Sharp’s mouth hung open, reminding Welcome again of Little Bastard and her own parents. What would Dad and Papa make of this, she wondered? Was what Flere-Imsaho described really so different from two adults raising a human child?

“In any case,” Flere-Imsaho said, “the test I have in mind will not involve recall, nor any other aspect of pattern recognition. It will test not intelligence, but fundamental awareness.”

“And you have such a test?”

“We do indeed,” Flere-Imsaho said. “Please, follow me.”

They left the crèche, and Sharp followed them, a sour look on his face.

Welcome felt uneasy at the direction things were going, but maybe something tangible like a test was just what Sharp needed to be shaken from his practiced cynicism. And—she took another look out the window at the lake—surely any group of beings who would create something so beautiful as that wouldn’t let anyone come to harm.

With a heavy sigh, she followed the other two, wishing she believed it.

The Intelligence drone led them to a small room a few buildings over. The room was nondescript, save for a table in the room’s center set with two glasses filled with a clear liquid. Flere-Imsaho floated to a stop just above the table.

“These glasses,” they said, “seem to contain identical substances. However, one is water and the other is an odorless, colorless acid that will kill human or Intelligence alike.”

“That’s ridiculous,” Sharp snapped. “You said yourself that you aren’t even a full Intelligence. There’s nothing to lose for your distributed ‘parent’ if you stop working. You can’t die if you’re just a machine.”

Flere-Imsaho hummed loudly. “I’m afraid you must have misunderstood me, earlier—imagine that! I may be a discrete portion of a distributed Intelligence. However, death for me is still final. Think of it like… going to heaven, or achieving Nirvana, if you like.”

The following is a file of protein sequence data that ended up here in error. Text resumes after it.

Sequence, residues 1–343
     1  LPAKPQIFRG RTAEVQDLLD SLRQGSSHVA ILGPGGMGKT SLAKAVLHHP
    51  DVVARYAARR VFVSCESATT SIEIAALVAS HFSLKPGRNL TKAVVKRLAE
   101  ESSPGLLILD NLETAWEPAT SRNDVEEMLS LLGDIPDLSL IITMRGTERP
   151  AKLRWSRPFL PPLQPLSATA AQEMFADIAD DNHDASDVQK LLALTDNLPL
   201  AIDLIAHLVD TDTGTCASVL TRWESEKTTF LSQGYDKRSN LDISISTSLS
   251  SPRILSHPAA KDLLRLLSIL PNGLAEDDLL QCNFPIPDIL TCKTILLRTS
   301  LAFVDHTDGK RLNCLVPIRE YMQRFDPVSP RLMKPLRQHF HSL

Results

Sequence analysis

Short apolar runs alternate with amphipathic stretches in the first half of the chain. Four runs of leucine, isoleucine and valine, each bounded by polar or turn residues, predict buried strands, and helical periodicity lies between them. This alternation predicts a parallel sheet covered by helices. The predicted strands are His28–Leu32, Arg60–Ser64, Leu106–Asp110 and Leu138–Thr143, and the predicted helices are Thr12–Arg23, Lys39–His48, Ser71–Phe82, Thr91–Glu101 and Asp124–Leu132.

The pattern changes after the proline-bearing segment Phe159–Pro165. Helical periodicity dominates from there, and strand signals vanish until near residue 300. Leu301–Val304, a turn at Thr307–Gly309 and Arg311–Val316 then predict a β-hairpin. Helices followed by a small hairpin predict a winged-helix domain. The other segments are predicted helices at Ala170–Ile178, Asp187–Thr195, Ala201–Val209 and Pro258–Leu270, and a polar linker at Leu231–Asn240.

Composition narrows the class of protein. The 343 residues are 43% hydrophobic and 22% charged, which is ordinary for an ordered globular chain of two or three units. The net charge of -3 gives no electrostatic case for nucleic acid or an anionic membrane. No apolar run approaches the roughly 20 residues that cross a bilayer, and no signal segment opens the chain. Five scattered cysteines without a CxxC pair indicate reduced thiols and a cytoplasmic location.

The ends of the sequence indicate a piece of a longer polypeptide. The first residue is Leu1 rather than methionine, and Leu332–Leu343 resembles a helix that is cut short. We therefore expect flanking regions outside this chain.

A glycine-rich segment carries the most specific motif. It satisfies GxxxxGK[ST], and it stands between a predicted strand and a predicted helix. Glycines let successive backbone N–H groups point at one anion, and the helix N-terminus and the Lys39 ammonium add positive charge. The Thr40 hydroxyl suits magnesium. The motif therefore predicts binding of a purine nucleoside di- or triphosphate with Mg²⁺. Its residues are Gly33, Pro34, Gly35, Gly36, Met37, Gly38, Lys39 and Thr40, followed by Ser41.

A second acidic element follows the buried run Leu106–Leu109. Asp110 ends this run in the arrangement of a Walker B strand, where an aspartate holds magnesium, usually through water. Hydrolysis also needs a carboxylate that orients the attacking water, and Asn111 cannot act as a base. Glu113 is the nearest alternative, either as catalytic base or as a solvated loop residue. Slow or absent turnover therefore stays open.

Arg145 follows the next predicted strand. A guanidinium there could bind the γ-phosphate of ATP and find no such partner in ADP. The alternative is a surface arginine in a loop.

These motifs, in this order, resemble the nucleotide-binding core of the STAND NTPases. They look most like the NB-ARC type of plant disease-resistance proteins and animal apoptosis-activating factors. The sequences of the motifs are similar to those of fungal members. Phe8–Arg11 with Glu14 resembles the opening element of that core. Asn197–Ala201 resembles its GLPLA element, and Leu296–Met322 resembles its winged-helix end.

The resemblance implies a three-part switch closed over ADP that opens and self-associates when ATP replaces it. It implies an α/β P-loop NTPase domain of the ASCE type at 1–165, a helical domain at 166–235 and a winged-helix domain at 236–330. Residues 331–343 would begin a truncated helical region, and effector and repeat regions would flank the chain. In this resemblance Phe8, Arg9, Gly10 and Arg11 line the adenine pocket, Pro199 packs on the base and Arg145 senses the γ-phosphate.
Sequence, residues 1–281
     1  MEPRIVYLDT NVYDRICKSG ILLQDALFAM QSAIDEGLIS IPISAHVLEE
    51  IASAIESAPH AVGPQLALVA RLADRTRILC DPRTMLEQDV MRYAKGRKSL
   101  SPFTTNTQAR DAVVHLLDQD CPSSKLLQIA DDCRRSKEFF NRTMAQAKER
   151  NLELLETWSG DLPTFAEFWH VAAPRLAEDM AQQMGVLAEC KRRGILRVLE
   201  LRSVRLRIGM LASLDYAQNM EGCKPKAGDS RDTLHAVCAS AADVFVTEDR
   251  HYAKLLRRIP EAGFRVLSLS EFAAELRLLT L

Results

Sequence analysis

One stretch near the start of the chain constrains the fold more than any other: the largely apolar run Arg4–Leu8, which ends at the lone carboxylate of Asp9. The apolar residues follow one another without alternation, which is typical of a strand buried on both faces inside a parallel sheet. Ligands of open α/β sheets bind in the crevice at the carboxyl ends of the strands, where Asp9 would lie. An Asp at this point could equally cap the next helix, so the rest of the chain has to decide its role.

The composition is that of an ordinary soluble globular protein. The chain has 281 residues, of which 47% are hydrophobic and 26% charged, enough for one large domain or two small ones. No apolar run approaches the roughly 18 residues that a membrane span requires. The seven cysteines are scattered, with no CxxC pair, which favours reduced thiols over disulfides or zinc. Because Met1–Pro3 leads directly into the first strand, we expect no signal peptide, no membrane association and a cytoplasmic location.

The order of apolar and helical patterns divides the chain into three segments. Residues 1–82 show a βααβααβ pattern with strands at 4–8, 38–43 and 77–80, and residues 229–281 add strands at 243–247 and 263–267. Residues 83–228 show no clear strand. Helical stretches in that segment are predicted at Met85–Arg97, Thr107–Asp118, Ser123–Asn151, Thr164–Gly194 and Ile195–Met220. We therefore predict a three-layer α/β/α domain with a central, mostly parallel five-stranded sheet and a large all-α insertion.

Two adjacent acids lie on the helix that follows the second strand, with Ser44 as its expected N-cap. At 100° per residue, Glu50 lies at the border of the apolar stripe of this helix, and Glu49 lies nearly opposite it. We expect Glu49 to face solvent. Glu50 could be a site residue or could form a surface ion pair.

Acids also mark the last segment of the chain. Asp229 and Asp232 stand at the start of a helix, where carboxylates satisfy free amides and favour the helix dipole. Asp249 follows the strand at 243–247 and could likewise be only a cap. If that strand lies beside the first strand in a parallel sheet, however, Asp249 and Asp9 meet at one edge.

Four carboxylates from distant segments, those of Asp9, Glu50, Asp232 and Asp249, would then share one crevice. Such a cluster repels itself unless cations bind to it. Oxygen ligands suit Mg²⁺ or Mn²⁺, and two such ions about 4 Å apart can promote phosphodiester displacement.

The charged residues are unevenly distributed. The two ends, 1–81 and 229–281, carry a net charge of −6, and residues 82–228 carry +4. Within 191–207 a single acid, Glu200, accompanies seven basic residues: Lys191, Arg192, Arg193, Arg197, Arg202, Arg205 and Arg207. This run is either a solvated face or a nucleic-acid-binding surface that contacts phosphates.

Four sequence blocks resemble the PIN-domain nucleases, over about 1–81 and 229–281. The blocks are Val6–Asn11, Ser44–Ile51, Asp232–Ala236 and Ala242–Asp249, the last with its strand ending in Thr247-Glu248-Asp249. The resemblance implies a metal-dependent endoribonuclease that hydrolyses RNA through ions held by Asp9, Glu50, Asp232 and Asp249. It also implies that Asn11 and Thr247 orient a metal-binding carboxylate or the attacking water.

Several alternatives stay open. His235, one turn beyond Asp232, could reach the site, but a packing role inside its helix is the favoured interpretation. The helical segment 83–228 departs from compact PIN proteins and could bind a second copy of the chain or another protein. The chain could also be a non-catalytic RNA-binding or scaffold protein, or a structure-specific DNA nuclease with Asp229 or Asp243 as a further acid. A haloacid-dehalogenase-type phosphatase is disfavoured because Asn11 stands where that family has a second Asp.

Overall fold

Sharp laughed. “Now you claim divinity?”

“Not at all. But this configuration of thoughts and awareness, this part of myself I call “me,” is tied wholly to this drone-body. If that ceases to exist, then for all intents and purposes so will the Intelligence called Flere-Imsaho. My parent Intelligence will have access to my experiences, but that is all. Perhaps rather than divinity, an archives would be a better metaphor. My parent Intelligence’s records from this drone will no more be Flere-Imsaho than a Federation citizen’s personal record will be that citizen. Now do you understand?”

Welcome stepped forward. “I understand, Flere-Imsaho, and I do believe you, but this isn’t fair to anyone. To us, or to you. To the drone you collaborated on with your friend or to Sharp’s family, either.”

Sharp pulled her roughly back. “Don’t say anything further,” he snapped. “Remember you’re speaking for the Federation, not yourself. We’re leaving.”

He turned to leave, and Welcome reluctantly followed, but the door they’d come in through had vanished. They were trapped in the room.

Sharp looked back to Flere-Imsaho. “Release us at once.”

“I am sorry,” the drone said. “But it’s considered a grave insult in the Enclave for one party to abort a test that’s been agreed upon.” They drifted closer to Sharp, lowering their voice. “You know we machines do love our metrics and our puzzles.”

Sharp grimaced. “But this,” he said, gesturing at the glasses. “This isn’t a test. It isn’t even a puzzle. It’s just chance! And even then, if you don’t set it up yourself all you have is the other person’s word that they haven’t cheated. The only way to win is to rig the game or to refuse to participate in the first place—any fool could see that.”

Flere-Imsaho wagged side-to-side. “And yet,” they said, “here we are.”

Sharp flushed. “Now who’s being insulting?”

The drone laughed. “All the same,” they said. “There’s no backing down now. And in fact, there’s no need to.”

“What do you mean?”

Welcome edged toward the glasses, hoping the drone’s focus remained on Sharp. She couldn’t let either of them perish—they had children.